This isn’t from the Pittsburgh show, but it’s the best quality video I could find on YouTube. When the song was over, I hoarsely whispered to Henry, “I want to kill myself. I want to fucking kill myself,” and he was like, “Yay! Please do!” While Anthony engaged in light banter now and then — like when he informed up that the next song he was going to play was political and that it’s such an exciting time in the country which predictably led to some heavy grumbling over in Henry’s corner– his set was fairly straightforward. He played the songs he came to play, and left. With my heart. There, I said it.
- Chris Conley was next and brought with him a set that was heavy in crowd participation. He took requests for each song, which turned into a screaming free-for-all. Henry’s musical memory sucks, and he kept asking me a million questions about Chris (I think he thought he was hot, I don’t know) and I kept saying, “He’s the guy from Saves the Day, you idiot. I have all their albums. You’re not going to like him.” And predictably, as soon as Chris sung the first estrogen-laced note, Henry’s balls were sucked up into his bowels.
Again, not from the Pittsburgh show.
Chris told us a story about some crazy guy they saw that day, pushing a broken down car, who got angry when Chris and the rest of the guys asked if he needed help. “Yeah, you can get the fuck out of the way” and then apologized, saying it had been a rough day. So Chris goes, “I guess you’re just naturally sweet, right?” which apparently greatly offended the dude, because you just don’t go around telling guys in Cleveland that they’re sweet unless you want to get shot. It wasn’t that funny of a story really, but the fact that it was Chris Conley telling it made it so. It was right around that time that Henry got a call from his mom, saying that Chooch wouldn’t stop screaming and had apparently wedged himself in a corner and she wasn’t sure if maybe he was dying or what, so Henry took that as his cue to leave. “I’ll come back for you later,” were the parting words that drifted back to me in his anxious wake. Honestly, he booked out of there so fast, it was like a fucking echo. You lucked out this time, Henry J. Robbins, but next time you won’t be so lucky.
Chris ended his set by bringing out Matt Pryor to sing “At Your Funeral” with him. It was beautiful.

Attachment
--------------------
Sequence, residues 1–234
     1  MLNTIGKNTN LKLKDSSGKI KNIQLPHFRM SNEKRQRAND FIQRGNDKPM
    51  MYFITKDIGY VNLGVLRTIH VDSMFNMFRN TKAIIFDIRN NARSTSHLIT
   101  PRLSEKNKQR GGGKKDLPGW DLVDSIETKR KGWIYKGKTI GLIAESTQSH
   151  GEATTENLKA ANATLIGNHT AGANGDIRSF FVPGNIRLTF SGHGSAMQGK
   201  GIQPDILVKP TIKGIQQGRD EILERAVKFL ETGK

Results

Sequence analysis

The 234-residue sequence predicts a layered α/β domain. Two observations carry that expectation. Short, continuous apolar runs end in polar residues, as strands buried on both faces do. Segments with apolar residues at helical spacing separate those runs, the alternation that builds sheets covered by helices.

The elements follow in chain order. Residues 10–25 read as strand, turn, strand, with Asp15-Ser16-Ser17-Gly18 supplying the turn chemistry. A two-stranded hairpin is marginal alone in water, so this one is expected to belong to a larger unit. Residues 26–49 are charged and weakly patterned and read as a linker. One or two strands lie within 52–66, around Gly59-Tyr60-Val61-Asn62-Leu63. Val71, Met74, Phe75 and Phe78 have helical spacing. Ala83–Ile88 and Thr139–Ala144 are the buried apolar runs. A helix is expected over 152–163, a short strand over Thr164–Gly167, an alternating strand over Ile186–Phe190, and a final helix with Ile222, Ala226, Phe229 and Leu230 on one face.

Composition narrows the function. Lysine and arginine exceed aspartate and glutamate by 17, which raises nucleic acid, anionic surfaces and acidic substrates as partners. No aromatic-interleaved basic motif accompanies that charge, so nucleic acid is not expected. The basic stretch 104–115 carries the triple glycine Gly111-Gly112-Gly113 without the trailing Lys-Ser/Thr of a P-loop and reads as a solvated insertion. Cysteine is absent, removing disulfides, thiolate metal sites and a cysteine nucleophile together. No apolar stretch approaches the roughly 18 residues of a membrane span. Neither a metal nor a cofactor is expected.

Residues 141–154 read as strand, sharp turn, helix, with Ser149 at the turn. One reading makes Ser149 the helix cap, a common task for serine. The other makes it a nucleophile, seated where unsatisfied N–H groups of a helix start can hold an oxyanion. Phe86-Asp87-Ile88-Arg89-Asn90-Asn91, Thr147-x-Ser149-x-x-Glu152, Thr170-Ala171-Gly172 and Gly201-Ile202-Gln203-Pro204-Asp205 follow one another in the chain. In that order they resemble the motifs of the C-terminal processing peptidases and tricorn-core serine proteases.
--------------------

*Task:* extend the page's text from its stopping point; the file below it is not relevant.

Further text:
- I really like the Get Up Kids, but never had the opportunity to see them live when they were still together, so Matt Pryor is kind of this mythical character to me. Out of all four performers, he lit up the stage most of all. In fact, I admit to being more entertained by his rapport with the crowd than by his actual songs (most of which were super short. He summoned Chris from the wings to play the tambourine during one song. “Do you even know how to play the tambourine?” he dourly asked Chris, who turned toward us and pumped his arms in an exasperated “Are you fucking kidding me?” motion. Afterward, when Chris left the stage, Matt goes, “Chris Conley makes me so happy. Did you see him, all blissed out, playing the tambourine with his eyes closed? That dude is so weird.”
Pittsburgh people, put your fucking videos on YouTube already, shit.
Matt was wearing a newsboy cap at the Pittsburgh show, and he complained that it was his first time wearing a hat while on stage and he kept bumping it off the mic. “But I’ve been wearing it all day, and you know, once you commit to wearing a hat, you have to follow through.” Then he paused and realized, “Wow, I’ve been such a whiny bitch up here. They’re going to have to change the name of this t our to Diva Camp.” And I laughed so hard, you’d have thought it was my first time finding out about motherfucking Dave Chapelle or some shit; like if Matt had been closer, I’d have slapped him and maniacally shouted “OH MATT YOU CARD HAHAHAHA.”